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Learn about the Air Quality Monitoring Expert Panel, assembled to recommend technologies, methods, and tools to improve monitoring capabilities near refineries.
On August 6, 2012, a significant fire occurred at the Chevron Refinery in Richmond, California, resulting in a community warning, a five-hour shelter-in-place order, and medical treatment for thousands of residents. This incident prompted the Air District to identify several action steps to enhance the Air District’s response to similar incidents (PDF). One such action is to assemble a panel of air monitoring experts to recommend technologies, methods, and tools to improve community air monitoring capabilities near refineries.
As part of this effort, the Air District contracted with Desert Research Institute to develop a report evaluating current air monitoring capabilities near refineries (PDF). This report was designed to provide the expert panel with a starting point for discussion.
The Air District hosted a day-long panel discussion on July 11, 2013, to assess the latest technologies and trends in air quality monitoring. Expert panelists discussed how new approaches could be used to refine measurements and better inform communities near industrial areas about local air quality conditions. The following information from the panel discussion is available online:
Short biographies for the air monitoring expert panelists are available below:
Mr. Allen is a Senior Scientist at the Northeast States for Coordinated Air Use Management, an interagency association of the eight northeastern states. At NESCAUM, Mr. Allen is responsible for monitoring and exposure assessment activities across a wide range of air quality topics, including regional haze, air toxics, on- and off-road diesel, near-road, wood smoke, and continuous aerosol measurement technologies. He is the author or co-author of more than 40 peer-reviewed journal papers on development and evaluation of measurement methods, exposure assessment, and air pollution health effects. Before joining NESCAUM in 2002, Mr. Allen was a professional staff member at the Harvard School of Public Health in Boston for more than 20 years, where he worked on a broad range of EPA- and NIH-funded air pollution studies. While at HSPH, he developed several patented techniques for real-time aerosol measurements. Mr. Allen serves as the staff lead for the NESCAUM Monitoring and Assessment Committee. He represents states’ interests to EPA as a member of the National Association of Clean Air Agencies Monitoring Steering Committee and the chartered the EPA Clean Air Science Advisory Committee. He received his B.S. in Electrical Engineering from Tufts University.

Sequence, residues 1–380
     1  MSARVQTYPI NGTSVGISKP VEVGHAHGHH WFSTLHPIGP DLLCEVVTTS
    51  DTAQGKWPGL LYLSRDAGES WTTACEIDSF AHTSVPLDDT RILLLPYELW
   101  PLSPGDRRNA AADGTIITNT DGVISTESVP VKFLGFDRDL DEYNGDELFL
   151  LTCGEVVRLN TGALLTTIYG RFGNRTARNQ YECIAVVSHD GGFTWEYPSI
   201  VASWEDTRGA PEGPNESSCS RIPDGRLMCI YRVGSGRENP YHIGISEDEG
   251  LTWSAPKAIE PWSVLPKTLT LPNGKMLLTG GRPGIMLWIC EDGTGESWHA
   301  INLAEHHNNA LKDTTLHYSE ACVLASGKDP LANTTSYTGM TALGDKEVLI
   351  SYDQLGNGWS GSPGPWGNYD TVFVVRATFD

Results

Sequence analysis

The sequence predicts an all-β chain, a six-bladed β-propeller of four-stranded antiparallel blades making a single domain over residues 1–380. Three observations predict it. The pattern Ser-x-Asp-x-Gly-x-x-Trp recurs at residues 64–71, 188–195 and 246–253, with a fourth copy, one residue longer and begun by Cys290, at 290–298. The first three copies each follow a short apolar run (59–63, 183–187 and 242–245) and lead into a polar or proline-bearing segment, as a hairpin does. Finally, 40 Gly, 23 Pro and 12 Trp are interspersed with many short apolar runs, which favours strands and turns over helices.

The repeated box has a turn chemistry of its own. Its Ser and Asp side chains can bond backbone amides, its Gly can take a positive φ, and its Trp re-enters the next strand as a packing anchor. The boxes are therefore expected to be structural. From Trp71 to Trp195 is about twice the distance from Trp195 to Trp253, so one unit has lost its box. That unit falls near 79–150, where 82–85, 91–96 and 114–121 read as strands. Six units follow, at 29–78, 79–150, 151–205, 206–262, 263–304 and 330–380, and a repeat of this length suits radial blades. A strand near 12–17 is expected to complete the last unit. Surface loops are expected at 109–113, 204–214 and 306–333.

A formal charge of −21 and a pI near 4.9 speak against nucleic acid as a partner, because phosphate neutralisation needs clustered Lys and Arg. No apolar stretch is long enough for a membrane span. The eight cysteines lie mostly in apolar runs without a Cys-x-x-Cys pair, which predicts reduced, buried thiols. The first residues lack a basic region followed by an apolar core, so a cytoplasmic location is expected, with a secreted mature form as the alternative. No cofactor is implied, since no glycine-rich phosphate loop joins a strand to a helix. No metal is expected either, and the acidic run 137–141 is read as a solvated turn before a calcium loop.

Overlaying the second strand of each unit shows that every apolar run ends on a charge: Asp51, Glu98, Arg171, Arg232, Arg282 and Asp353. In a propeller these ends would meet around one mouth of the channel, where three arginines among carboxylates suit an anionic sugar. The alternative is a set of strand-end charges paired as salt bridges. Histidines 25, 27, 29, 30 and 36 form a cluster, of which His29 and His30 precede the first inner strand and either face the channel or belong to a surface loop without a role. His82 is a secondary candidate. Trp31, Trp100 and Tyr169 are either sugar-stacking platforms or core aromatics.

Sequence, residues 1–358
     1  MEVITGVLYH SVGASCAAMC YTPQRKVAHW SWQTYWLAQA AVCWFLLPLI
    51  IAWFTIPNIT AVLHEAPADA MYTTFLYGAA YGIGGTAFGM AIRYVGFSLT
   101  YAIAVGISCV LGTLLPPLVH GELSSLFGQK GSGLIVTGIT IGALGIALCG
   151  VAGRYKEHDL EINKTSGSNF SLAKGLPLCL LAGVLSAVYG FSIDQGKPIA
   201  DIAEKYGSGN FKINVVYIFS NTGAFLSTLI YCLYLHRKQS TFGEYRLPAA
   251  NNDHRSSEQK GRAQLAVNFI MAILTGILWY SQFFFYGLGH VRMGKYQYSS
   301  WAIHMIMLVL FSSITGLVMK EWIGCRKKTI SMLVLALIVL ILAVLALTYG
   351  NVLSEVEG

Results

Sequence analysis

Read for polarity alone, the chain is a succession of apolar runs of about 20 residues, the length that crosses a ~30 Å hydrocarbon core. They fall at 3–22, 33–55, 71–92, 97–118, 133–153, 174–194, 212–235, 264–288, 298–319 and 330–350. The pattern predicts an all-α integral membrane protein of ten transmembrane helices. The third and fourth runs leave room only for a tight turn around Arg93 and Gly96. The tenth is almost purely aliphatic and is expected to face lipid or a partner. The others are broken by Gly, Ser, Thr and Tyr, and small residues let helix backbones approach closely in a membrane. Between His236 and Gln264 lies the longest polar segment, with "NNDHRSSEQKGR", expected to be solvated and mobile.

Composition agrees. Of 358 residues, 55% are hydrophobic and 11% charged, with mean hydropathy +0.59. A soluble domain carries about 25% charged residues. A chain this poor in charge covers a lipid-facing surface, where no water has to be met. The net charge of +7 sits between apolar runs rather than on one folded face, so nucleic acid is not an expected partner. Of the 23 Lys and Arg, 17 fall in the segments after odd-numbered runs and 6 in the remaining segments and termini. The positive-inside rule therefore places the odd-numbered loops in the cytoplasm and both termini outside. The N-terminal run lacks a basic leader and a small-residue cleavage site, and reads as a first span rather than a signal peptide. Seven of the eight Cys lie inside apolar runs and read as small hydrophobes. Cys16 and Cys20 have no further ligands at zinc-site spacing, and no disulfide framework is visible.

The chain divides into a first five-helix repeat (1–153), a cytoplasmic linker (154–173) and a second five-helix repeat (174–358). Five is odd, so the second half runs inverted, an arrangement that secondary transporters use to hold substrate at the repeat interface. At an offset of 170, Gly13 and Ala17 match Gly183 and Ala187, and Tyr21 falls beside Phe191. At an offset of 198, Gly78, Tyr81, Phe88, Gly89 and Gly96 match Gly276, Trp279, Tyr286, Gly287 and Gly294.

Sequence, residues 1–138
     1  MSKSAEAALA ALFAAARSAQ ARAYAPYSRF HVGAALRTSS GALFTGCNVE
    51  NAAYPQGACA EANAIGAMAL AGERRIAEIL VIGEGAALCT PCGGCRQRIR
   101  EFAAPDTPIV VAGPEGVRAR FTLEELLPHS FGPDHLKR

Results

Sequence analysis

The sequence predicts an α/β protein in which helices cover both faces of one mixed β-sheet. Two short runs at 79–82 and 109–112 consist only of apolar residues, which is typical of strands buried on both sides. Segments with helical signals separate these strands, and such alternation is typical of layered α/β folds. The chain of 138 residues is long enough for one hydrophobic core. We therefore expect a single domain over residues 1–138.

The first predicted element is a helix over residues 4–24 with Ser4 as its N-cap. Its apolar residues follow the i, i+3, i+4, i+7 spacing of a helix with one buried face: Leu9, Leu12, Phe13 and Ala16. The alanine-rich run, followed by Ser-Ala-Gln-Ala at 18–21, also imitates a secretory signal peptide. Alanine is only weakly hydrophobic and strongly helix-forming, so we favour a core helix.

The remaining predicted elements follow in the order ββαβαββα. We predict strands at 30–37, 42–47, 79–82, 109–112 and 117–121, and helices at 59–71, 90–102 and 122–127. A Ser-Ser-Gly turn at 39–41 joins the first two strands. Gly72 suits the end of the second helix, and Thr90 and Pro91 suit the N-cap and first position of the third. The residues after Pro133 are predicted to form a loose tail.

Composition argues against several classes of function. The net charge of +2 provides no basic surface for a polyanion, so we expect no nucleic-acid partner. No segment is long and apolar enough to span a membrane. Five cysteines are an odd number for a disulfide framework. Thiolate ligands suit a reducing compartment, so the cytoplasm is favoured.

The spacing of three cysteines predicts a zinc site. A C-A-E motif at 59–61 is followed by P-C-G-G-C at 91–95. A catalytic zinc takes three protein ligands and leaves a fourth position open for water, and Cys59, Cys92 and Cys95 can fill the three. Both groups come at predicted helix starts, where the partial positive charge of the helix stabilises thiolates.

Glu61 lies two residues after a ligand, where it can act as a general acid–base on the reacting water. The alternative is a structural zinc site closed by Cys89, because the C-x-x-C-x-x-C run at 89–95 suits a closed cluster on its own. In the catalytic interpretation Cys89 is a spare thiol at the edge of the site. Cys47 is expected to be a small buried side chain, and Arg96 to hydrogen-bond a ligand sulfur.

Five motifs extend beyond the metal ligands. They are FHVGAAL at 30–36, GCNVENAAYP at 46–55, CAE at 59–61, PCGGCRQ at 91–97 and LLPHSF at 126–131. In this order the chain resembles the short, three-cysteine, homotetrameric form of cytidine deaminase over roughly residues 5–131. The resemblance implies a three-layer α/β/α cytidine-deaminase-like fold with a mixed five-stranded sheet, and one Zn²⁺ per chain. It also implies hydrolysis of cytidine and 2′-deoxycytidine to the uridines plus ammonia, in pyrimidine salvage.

As Chief of the California Air Resources Board’s Monitoring and Laboratory Division, Dr. Benjamin oversees a staff of approximately 170 scientists, engineers, and field technicians who operate the statewide ambient air quality monitoring network, provide air monitoring capabilities following emergency air releases, conduct chemical analyses of ambient and vehicle exhaust, certify vapor recovery equipment, and develop regulations to reduce evaporative emissions from the gasoline distribution system and off-highway gasoline-fueled equipment. Dr. Benjamin has served in a variety of staff and management positions developing emissions inventories in support of regulations and air quality planning, and more recently overseeing the Air Resources Board’s economic analysis and extramural research programs. Prior to beginning his career at the Air Resources Board, Dr. Benjamin worked for five years conducting oceanographic research at Columbia University's Lamont-Doherty Earth Observatory. Dr. Benjamin received his Ph.D. in Environmental Science and Engineering from the University of California, Los Angeles, M.S. in Earth Sciences from Dartmouth College, and B.S. in Geology from Beloit College.
Dr. Fine is the Assistant Deputy Executive Officer for Science and Technology Advancement at the South Coast Air Quality Management District. Dr. Fine oversees the SCAQMD ambient network of over 35 air monitoring stations, the laboratory, and numerous special air monitoring projects focusing on air toxics and the local impacts of air pollution. His previous responsibilities at the SCAQMD have included developing the Air Quality Management Plan, strategies for particulate matter control, climate and energy, meteorology and forecasting, air quality evaluation, emissions reporting, and air toxics risk assessment. Dr. Fine serves as SCAQMD's member for the California Air Resources Board-mandated Research Screening Committee. Prior to joining the SCAQMD, Dr. Fine was a Research Assistant Professor at the University of Southern California, Los Angeles, where he taught courses and conducted extensive research on particulate pollution and its health effects, resulting in over 45 peer-reviewed scientific publications. Dr. Fine received his Ph.D. from California Institute of Technology in Environmental Engineering Science, and his B.S. in Mechanical Engineering and Materials Science and Engineering from the University of California, Berkeley.